One reply on “Massachusetts SJC wants to know why boys are charged with statutory rape but not girls”

  1. An interesting double standard indeed. Here is some coverage I did for an article regarding a similarish subject:

    Rolling Stone Jan. 22, 2009

    Sex Lies & Phys Ed

    A tale of the tragic consequences of “every high school boy’s dream come true”. Jason is a star high school athlete who is seduced by a 26 year old PE teacher Ms. Tapp. While Jason excels at sports, he suffers from a turbulent home life with a disabled father and an overworked mother in the midst of a divorce. His hardships are escaped through team comradery and game victory. Excitement enters his life when the schools “hottest teacher” begins a series of long late night phone calls with him. The flirtation eventually culminates in physical action. While at Tapp’s house Jason discovers a picture of his lover with a former high school sports star. A huge list of “lucky” high school boys is uncovered by him. Things begin to fall apart when Jason is brushed aside by Tapp only to be replaced by a coach he had held as a father figure. This bizarre triangle provides a window into the world of a high school where teachers act like students. The betrayal triggers an epic downfall (drug abuse, falling attendance, rage). Jason stops going to class and becomes a “timebomb” His dreams of a sports scholarship are shot and self mutilation becomes his outlet for rage. Once Jason’s mother decides to speak out and the school contacts police the result is that Tapp gets away with no prison time, no probation, but a $225 fine and the punishment of not being able to teach in New Jersey.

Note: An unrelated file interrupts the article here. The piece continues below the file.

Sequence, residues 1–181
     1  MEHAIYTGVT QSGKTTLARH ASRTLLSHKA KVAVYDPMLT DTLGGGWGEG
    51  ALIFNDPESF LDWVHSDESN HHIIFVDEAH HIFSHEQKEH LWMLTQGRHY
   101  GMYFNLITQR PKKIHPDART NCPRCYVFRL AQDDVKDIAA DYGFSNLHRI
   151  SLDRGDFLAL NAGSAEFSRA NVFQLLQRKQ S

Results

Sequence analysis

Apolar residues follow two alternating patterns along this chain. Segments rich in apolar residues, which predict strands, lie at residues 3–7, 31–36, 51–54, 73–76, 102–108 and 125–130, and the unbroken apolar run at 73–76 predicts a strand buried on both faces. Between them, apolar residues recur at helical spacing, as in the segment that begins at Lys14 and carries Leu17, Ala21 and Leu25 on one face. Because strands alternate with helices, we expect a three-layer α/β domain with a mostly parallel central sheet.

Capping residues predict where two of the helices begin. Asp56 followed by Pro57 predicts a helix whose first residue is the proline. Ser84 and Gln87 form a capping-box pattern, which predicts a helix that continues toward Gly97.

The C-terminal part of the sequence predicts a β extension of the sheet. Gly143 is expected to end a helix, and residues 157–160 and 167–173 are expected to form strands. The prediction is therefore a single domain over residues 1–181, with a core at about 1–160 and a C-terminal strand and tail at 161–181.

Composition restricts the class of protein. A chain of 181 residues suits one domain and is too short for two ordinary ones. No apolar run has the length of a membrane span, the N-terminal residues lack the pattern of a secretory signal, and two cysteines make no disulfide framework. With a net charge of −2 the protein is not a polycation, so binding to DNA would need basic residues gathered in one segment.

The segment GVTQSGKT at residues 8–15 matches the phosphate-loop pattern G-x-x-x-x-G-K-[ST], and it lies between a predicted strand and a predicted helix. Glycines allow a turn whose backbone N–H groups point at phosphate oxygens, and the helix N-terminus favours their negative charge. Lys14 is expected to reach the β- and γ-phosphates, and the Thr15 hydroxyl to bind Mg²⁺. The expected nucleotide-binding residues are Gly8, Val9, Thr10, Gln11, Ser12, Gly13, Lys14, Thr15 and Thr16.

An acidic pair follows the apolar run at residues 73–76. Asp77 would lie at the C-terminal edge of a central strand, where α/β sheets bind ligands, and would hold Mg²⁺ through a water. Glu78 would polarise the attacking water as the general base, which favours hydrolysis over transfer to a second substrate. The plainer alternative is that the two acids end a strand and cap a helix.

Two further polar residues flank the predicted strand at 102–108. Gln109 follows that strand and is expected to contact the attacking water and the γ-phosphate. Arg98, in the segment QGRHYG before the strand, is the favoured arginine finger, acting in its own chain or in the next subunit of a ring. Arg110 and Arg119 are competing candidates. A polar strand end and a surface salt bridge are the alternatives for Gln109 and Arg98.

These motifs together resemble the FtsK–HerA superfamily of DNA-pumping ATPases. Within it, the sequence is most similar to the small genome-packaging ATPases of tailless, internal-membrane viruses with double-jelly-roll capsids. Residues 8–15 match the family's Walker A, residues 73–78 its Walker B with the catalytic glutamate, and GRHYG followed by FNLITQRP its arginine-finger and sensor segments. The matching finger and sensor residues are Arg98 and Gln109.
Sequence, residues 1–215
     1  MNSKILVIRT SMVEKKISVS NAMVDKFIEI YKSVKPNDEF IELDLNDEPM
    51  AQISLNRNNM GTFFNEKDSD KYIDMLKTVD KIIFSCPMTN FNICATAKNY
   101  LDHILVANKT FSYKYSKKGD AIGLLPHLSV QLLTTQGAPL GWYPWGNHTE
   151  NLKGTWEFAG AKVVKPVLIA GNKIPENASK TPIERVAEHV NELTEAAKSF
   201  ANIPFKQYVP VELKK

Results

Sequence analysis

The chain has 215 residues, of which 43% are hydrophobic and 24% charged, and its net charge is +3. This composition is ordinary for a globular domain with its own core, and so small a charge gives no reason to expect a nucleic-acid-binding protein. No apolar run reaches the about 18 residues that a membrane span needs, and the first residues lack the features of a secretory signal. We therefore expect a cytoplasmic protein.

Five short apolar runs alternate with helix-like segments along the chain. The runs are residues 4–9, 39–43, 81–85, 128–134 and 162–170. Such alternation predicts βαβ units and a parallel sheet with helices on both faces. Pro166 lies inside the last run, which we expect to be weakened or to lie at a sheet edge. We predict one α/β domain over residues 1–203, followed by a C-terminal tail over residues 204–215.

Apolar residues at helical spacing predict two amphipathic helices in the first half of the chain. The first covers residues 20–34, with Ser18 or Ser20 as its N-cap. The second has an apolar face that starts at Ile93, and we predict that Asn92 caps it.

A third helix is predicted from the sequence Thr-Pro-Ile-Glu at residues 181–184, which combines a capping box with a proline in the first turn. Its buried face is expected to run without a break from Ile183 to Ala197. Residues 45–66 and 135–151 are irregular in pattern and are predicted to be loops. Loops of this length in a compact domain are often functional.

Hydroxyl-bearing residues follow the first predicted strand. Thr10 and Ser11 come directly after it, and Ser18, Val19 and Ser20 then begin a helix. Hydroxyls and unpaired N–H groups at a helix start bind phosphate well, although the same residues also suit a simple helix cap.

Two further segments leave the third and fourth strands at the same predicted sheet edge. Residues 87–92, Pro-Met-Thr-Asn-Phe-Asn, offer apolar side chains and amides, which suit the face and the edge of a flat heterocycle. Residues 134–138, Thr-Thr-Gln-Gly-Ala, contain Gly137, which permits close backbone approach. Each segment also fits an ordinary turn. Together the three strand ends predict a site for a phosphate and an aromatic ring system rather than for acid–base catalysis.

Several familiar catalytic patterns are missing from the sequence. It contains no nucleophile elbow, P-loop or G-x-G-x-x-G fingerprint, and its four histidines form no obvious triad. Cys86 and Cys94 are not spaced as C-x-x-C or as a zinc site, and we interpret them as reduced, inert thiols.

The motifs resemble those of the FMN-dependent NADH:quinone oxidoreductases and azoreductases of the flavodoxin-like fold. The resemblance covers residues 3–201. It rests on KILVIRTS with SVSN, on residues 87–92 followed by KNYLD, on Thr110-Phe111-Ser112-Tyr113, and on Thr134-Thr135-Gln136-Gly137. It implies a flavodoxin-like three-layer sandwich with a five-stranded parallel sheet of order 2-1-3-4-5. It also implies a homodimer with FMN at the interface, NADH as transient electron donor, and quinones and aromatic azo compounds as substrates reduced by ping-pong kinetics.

What is most incredible about this story of a backwards New Jersey High School is how many people knew of the affair and how none of them took any action. This is a fascinating exploration of the double standards that exist in these cases. Jason now lives by the railroad tracks and is an injured ex stripper/construction worker who can’t afford to pay his therapist and is behind on rent. He was unable to sue the school district since he let too much time pass before he decided to take action against them. Amazingly enough, years after graduation, Jason attempts to rekindle things with Platt who agreed to see him only if he rebukes his claims to the media. He never did.

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